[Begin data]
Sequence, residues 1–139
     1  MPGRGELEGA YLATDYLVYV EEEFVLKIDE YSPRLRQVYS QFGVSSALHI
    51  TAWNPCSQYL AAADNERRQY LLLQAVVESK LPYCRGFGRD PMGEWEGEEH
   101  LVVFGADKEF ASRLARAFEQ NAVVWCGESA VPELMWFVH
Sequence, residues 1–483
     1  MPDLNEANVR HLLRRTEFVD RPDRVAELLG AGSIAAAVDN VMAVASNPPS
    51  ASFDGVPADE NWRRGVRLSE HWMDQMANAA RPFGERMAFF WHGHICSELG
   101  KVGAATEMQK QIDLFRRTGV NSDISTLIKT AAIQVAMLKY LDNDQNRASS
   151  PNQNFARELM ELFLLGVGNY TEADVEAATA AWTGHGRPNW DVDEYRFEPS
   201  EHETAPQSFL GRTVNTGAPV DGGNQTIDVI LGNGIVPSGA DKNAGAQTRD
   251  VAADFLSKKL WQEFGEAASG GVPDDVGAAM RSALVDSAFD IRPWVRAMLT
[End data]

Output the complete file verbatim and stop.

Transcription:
Sequence, residues 1–139
     1  MPGRGELEGA YLATDYLVYV EEEFVLKIDE YSPRLRQVYS QFGVSSALHI
    51  TAWNPCSQYL AAADNERRQY LLLQAVVESK LPYCRGFGRD PMGEWEGEEH
   101  LVVFGADKEF ASRLARAFEQ NAVVWCGESA VPELMWFVH
Sequence, residues 1–483
     1  MPDLNEANVR HLLRRTEFVD RPDRVAELLG AGSIAAAVDN VMAVASNPPS
    51  ASFDGVPADE NWRRGVRLSE HWMDQMANAA RPFGERMAFF WHGHICSELG
   101  KVGAATEMQK QIDLFRRTGV NSDISTLIKT AAIQVAMLKY LDNDQNRASS
   151  PNQNFARELM ELFLLGVGNY TEADVEAATA AWTGHGRPNW DVDEYRFEPS
   201  EHETAPQSFL GRTVNTGAPV DGGNQTIDVI LGNGIVPSGA DKNAGAQTRD
   251  VAADFLSKKL WQEFGEAASG GVPDDVGAAM RSALVDSAFD IRPWVRAMLT